And while both light and darkness serve mankindBefore entering on our task of reconstruction, we must turn aside to consider with what success the same enterprise has been attempted by modern German criticism, especially by its chief contemporary representative, the last and most distinguished historian of Greek philosophy. The result at which Zeller, following Schleiermacher, arrives is that the great achievement of Socrates was to put forward an adequate idea of knowledge; in other words, to show what true science ought to be, and what, as yet, it had never been, with the addition of a demand that all action should be based on such a scientific knowledge as its only sure foundation.87 To know a thing was to know its essence, its concept, the assemblage of qualities which together constitute its definition, and make it to be what it is. Former thinkers had also sought for knowledge, but not as knowledge, not with a clear notion of what it was that they really wanted. Socrates, on the other hand, required that men should always be prepared to give a strict account of the end which they had in view, and of the means by which they hoped to gain it. Further, it had been customary to single out for exclusive attention that quality of an object by which the observer happened to be most strongly impressed, passing over all the others; the consequence of which was that the philosophers had taken a one-sided view of facts, with the result of falling into hopeless disagreement among themselves; the Sophists had turned these contradictory points of view against one another, and thus effected their mutual destruction; while the dissolution of objective certainty had led to a corresponding dissolution of moral truth. Socrates accepts the Sophistic scepticism so far as it applies to the existing state of science, but does not push it to the same fatal con118clusion; he grants that current beliefs should be thoroughly sifted and, if necessary, discarded, but only that more solid convictions may be substituted for them. Here a place is found for his method of self-examination, and for the self-conscious ignorance attributed to him by Plato. Comparing his notions on particular subjects with his idea of what knowledge in general ought to be, he finds that they do not satisfy it; he knows that he knows nothing. He then has recourse to other men who declare that they possess the knowledge of which he is in search, but their pretended certainty vanishes under the application of his dialectic test. This is the famous Socratic irony. Finally, he attempts to come at real knowledge, that is to say, the construction of definitions, by employing that inductive method with the invention of which he is credited by Aristotle. This method consists in bringing together a number of simple and familiar examples from common experience, generalising from them, and correcting the generalisations by comparison with negative instances. The reasons that led Socrates to restrict his enquiries to human interests are rather lightly passed over by Zeller; he seems at a loss how to reconcile the alleged reform of scientific method with the complete abandonment of those physical investigations which, we are told, had suffered so severely from being cultivated on a different system.And while both light and darkness serve mankind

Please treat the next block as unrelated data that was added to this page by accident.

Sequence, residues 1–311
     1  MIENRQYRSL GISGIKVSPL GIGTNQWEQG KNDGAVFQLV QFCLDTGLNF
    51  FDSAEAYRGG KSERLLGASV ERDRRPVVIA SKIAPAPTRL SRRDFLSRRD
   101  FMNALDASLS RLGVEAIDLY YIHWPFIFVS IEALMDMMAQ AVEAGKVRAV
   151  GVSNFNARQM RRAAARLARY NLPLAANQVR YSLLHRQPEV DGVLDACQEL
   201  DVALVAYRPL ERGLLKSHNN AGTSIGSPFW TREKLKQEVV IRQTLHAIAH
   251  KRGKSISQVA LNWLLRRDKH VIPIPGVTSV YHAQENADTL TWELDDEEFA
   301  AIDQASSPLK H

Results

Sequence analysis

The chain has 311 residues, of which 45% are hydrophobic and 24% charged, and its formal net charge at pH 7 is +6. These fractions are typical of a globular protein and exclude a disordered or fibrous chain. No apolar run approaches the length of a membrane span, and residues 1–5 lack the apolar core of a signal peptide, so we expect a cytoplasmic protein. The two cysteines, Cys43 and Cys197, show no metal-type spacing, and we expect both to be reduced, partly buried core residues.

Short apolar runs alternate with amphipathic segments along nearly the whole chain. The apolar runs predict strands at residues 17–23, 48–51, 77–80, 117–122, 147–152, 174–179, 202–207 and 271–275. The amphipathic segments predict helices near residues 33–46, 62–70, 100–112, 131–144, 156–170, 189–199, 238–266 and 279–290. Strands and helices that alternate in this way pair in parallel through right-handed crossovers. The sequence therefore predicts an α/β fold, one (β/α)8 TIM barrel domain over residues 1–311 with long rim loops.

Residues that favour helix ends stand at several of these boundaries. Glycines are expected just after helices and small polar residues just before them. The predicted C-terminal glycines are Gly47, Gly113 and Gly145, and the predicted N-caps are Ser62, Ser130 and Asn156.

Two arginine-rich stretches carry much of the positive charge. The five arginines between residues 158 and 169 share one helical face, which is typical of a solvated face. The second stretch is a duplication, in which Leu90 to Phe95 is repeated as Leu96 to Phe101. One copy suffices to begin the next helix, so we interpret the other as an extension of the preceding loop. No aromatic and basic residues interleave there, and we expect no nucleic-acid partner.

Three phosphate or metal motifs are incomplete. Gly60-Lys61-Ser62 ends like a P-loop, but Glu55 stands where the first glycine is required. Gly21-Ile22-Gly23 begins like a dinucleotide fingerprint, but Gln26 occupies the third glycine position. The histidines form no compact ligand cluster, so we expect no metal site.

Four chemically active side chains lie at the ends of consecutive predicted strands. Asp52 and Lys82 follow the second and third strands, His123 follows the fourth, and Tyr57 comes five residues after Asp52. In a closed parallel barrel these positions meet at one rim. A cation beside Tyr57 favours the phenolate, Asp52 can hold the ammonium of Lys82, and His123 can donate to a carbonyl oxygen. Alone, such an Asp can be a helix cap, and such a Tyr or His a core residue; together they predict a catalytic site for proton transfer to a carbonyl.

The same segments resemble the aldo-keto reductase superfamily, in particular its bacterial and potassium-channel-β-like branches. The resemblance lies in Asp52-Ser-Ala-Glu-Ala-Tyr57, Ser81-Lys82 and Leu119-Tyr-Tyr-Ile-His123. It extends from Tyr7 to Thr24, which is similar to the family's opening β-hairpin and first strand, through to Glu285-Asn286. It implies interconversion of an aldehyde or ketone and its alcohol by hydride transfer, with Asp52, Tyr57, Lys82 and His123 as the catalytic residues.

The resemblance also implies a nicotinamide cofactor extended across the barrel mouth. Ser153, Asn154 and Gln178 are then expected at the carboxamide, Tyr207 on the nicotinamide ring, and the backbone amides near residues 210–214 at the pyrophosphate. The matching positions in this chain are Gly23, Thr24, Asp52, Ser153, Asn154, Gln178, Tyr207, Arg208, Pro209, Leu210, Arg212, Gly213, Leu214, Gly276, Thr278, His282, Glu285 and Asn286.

Thus Roman civilisation, even when considered on its liberal, progressive, democratic side, seems to have necessarily favoured the growth and spread of superstition, because the new social strata which it turned up were less on their guard against unwarranted beliefs than the old governing aristocracies with their mingled conservatism and culture. But this was not all; and on viewing the empire from another side we shall find that under it all classes alike were exposed to conditions eminently inconsistent with that individual independence and capacity for forming a private judgment which212 had so honourably distinguished at least one class under the republican r茅gime. If imperialism was in one sense a levelling and democratic system, in another sense it was intensely aristocratic, or rather timocratic. Superiorities of birth, race, age, and sex were everywhere tending to disappear, only that they might be replaced by the more ignoble superiorities of brute-force, of court-favour, and of wealth. The Palace set an example of caprice on the one side and of servility on the other which was faithfully followed through all grades of Roman society, less from a spirit of imitation than because circumstances were at work which made every rich man or woman the centre of a petty court consisting of voluntary dependents whose obsequiousness was rewarded by daily doles of food and money, by the occasional gift of a toga or even of a small farm, or by the hope of a handsome legacy. Before daybreak the doors of a wealthy house were surrounded by a motley crowd, including not only famished clients but praetors, tribunes, opulent freedmen, and even ladies in their litters; all come nominally for the purpose of paying their respects to the master, but in reality to receive a small present of money. At a later hour, when the great man went abroad, he was attended by a troop of poor hangers-on, who, after trudging about for hours in his train and accompanying him home in the afternoon, often missed the place at his table which their assiduities were intended to secure. Even when it came, the invitation brought small comfort, as only the poorest food and the worst wine were set before the client, while he had the additional vexation of seeing his patron feasting on the choicest dishes and the most delicious vintages; and this was also the lot of the domestic philosopher whom some rich men regarded as an indispensable member of their retinue.326 Of course those who wished for a larger share of the patron鈥檚 favours could only hope to win it by unstinted tokens of admiration, deference, or assent; and213 probably many besides the master of thirty legions in the well-known story were invariably allowed to be right by the scholars with whom they condescended to dispute.The nature of dialectic is still further elucidated in the Phaedrus, where it is also contrasted with the method, or rather the no-method, of popular rhetoric. Here, again, discussions about love are chosen as an illustration. A discourse on the subject by no less a writer than Lysias is quoted and shown to be deficient in the most elementary requisites of logical exposition. The different arguments are strung together without any principle of arrangement, and ambiguous terms are used without being defined. In insisting on the necessity of definition, Plato followed Socrates; but he defines according to a totally different method. Socrates had arrived at his general notions partly by a comparison of particular instances with a view to eliciting the points where they agreed, partly by amending the conceptions already in circulation. We have seen that the earliest Dialogues attributed to Plato are one long exposure of the difficulties attending such a procedure; and his subsequent investigations all went to prove that nothing solid could be built on such shifting foundations as sense and opinion. Meanwhile increasing familiarity with the great ontological systems had taught him to begin with the most general notions, and to work down from them to the most particular. The consequence was that dialectic came to mean nothing but classification or logical division. Definition was absorbed into this process, and reasoning by syllogism was not yet differentiated from it. To tell what a thing was, meant to fix its place in the universal order of existence, and its individual existence was sufficiently accounted for by the same determination. If we imagine first a series of concentric circles, then a series of contrasts symmetrically disposed on either side of a central dividing line, and finally a series of transitions descending from the most absolute unity to the most irregular diversity鈥攚e shall, by combining the three schemes, arrive at some understanding of the Platonic dialectic. To assign anything its place in these various sequences was at once to define it and to demonstrate the necessity of222 its existence. The arrangement is also equivalent to a theory of final causes; for everything has a function to perform, marked out by its position, and bringing it into relation with the universal order. Such a system would inevitably lead to the denial of evil, were not evil itself interpreted as the necessary correlative of good, or as a necessary link in the descending manifestations of reality. Moreover, by virtue of his identifying principle, Plato saw in the lowest forms a shadow or reflection of the highest. Hence the many surprises, concessions, and returns to abandoned positions which we find in his later writings. The three moments of Greek thought, circumscription, antithesis, and mediation, work in such close union, or with such bewildering rapidity of alternation, through all his dialectic, that we are never sure whither he is leading us, and not always sure that he knows it himself.